Twenty low-molecular-weight-glutenin subunit (LMW-GS) gene sequences from the D-genome from Aegilops crassa (2n ¼ 4x ¼ 28), Ae. cylindrica (2n ¼ 4x ¼ 28), Ae. tauschii (2n ¼ 2x ¼ 14) and Triticum aestivum (2n ¼ 6x ¼ 42) were obtained using five sets of specific allele primer pairs. Only the sequences of the first primer pair were complete coding sequences (cds) of LMW-GS, and had 305, 304, 306 and 305 LMW-m amino acid residues in Ae. crassa, Ae. cylindrica, Ae. tauschii and T. aestivum, respectively. The repetitive domain and repeat motif numbers of all LMW glutenin subunits showed eight conserved cysteine residues that lead to the same functional activity in different genome. Based on DNA and predicted protein sequences, phylogenetic trees for all sets of sequences were drawn. At the DNA level, the species closest to T. aestivum for the second, third, fourth and fifth set of sequences were Ae. cylindrica, Ae. tauschii and Ae. crassa, respectively. At the protein level, the species closest to T. aestivum based on the first, second and fifth set of sequences were Ae. cylindrica, Ae. crassa and Ae. crassa, respectively. For other sets of sequences, bread wheat proved to be a distinct species. The LMW-GS gene sequences have been recorded in the GenBank with accession numbers JQ726549–JQ726568.
Detection and Quantification of Leveillula taurica Growth in Pepper Leaves
Zheng, Z. ; Nonomura, T. ; Bóka, K. ; Matsuda, Y. ; Visser, R.G.F. ; Toyoda, H. ; Kiss, L. ; Bai, Y. - \ 2013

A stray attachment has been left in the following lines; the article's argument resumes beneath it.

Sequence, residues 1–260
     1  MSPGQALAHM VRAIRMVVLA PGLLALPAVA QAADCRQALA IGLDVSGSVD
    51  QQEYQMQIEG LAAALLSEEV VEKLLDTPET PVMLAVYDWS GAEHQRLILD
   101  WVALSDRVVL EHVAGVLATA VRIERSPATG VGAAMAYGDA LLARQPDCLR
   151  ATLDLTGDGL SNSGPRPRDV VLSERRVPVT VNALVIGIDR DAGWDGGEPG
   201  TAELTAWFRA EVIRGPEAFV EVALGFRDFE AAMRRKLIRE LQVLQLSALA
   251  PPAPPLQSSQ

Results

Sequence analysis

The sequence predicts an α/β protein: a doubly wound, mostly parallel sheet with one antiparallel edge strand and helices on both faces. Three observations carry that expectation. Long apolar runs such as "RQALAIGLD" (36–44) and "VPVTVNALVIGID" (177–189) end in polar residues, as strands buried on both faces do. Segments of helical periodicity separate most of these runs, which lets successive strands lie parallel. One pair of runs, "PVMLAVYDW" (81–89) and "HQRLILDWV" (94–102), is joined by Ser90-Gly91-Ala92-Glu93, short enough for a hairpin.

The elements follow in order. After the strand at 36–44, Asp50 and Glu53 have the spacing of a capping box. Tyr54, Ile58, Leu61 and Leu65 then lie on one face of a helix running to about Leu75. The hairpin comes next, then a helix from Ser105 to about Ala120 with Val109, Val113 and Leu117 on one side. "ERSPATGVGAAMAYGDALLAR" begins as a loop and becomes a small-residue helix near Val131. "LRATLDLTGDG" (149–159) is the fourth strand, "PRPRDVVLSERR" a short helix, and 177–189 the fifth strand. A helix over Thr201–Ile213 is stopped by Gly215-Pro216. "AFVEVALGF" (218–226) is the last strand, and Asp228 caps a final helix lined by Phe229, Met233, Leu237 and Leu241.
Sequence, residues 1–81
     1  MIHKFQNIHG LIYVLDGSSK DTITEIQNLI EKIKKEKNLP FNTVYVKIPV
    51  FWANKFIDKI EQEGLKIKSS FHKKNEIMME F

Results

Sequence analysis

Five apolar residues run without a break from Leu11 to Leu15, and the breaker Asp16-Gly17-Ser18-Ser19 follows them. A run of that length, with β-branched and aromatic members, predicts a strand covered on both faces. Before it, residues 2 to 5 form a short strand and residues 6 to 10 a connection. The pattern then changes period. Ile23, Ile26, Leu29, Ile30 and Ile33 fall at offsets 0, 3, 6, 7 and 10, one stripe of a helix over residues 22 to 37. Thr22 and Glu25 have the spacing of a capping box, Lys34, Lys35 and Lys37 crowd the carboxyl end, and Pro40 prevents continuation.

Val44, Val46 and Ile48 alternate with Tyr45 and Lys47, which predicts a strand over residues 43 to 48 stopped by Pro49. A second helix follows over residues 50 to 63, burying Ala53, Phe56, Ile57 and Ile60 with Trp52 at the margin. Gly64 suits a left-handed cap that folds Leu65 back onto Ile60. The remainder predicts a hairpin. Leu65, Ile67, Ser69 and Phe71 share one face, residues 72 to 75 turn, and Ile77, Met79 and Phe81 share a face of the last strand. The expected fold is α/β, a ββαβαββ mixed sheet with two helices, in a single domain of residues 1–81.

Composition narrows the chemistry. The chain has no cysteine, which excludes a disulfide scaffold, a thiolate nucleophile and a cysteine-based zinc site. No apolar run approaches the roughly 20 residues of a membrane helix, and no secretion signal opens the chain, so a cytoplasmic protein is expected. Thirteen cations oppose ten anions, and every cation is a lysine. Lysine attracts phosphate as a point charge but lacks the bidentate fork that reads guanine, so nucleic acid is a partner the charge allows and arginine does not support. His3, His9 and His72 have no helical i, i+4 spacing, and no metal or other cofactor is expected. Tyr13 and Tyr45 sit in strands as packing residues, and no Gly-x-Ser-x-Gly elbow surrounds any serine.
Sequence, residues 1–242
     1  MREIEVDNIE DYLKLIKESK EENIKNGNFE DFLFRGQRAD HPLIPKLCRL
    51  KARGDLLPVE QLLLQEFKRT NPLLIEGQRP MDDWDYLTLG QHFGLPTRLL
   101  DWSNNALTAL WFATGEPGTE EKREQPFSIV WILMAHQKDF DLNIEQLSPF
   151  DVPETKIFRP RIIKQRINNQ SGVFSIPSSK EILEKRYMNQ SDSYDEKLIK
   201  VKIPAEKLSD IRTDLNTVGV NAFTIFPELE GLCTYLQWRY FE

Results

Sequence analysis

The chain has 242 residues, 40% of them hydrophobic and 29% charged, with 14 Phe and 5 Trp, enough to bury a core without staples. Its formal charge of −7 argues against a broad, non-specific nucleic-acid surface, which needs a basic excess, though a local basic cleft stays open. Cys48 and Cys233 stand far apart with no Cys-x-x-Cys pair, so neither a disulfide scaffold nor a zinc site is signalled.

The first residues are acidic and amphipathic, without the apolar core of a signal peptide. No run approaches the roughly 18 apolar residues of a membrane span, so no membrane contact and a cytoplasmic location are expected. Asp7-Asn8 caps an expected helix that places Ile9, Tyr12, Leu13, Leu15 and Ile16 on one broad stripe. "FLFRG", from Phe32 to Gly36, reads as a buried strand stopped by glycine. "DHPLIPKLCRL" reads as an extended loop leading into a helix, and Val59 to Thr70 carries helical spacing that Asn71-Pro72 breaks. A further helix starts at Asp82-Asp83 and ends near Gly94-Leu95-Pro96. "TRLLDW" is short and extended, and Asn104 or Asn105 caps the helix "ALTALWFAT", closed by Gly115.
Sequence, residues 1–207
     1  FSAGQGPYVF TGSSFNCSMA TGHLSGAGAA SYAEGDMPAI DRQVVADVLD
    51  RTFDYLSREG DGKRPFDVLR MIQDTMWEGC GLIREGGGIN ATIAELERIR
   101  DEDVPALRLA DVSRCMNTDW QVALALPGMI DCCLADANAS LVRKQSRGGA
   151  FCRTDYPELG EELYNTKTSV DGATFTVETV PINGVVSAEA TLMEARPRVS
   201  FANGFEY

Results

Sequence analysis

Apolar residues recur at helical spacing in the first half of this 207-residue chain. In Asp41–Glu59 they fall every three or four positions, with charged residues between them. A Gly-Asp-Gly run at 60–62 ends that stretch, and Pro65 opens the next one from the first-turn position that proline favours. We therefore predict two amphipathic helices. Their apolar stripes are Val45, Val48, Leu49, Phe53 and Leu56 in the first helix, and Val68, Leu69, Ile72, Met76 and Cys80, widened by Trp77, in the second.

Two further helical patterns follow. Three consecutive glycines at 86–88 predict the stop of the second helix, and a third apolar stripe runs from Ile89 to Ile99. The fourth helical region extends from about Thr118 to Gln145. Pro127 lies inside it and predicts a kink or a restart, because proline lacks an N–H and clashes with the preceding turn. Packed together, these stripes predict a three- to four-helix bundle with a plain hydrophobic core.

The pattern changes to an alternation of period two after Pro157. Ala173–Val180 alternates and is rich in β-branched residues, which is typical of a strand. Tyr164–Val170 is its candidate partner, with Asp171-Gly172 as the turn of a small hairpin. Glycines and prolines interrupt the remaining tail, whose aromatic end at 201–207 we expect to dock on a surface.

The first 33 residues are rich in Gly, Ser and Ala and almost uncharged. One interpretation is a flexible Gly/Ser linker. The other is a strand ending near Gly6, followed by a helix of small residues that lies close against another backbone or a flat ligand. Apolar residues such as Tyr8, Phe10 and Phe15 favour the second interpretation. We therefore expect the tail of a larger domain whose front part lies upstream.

Phytopathology 103 (2013)6. - ISSN 0031-949X - p. 623 - 632.
internal transcribed spacer - powdery-mildew - genus leveillula - capsicum-annuum - resistance - pcr - infections - sequences - fungi - dna
Leveillula taurica is an obligate fungal pathogen that causes powdery mildew disease on a broad range of plants, including important crops such as pepper, tomato, eggplant, onion, cotton, and so on. The early stage of this disease is difficult to diagnose and the disease can easily spread unobserved; for example, in pepper and tomato production fields and greenhouses. The objective of this study was to develop a detection and quantification method of L. taurica biomass in pepper leaves with special regard to the early stages of infection. We monitored the development of the disease to time the infection process on the leaf surface as well as inside the pepper leaves. The initial and final steps of the infection taking place on the leaf surface were consecutively observed using a dissecting microscope and a scanning electron microscope. The development of the intercellular mycelium in the mesophyll was followed by light and transmission electron microscopy. A pair of L. taurica-specific primers was designed based on the internal transcribed spacer sequence of L. taurica and used in real-time polymerase chain reaction (PCR) assay to quantify the fungal DNA during infection. The specificity of this assay was confirmed by testing the primer pair with DNA from host plants and also from another powdery mildew species, Oidium neolycopersici, infecting tomato. A standard curve was obtained for absolute quantification of L. taurica biomass. In addition, we tested a relative quantification method by using a plant gene as reference and the obtained results were compared with the visual disease index scoring. The real-time PCR assay for L. taurica provides a valuable tool for detection and quantification of this pathogen in breeding activities as well in plant-microbe interaction studies.
Efficient multiplex simple sequence repeat genotyping of the oomycete plant pathogen Phytophthora infestans
Li, Y. ; Cooke, D.E.L. ; Jacobsen, E. ; Lee, T.A.J. van der - \ 2013
Journal of Microbiological Methods 92 (2013)3. - ISSN 0167-7012 - p. 316 - 322.
genetic-linkage maps - microsatellite markers - population-genetics - netherlands - migrations - origin - potato - blight - pcr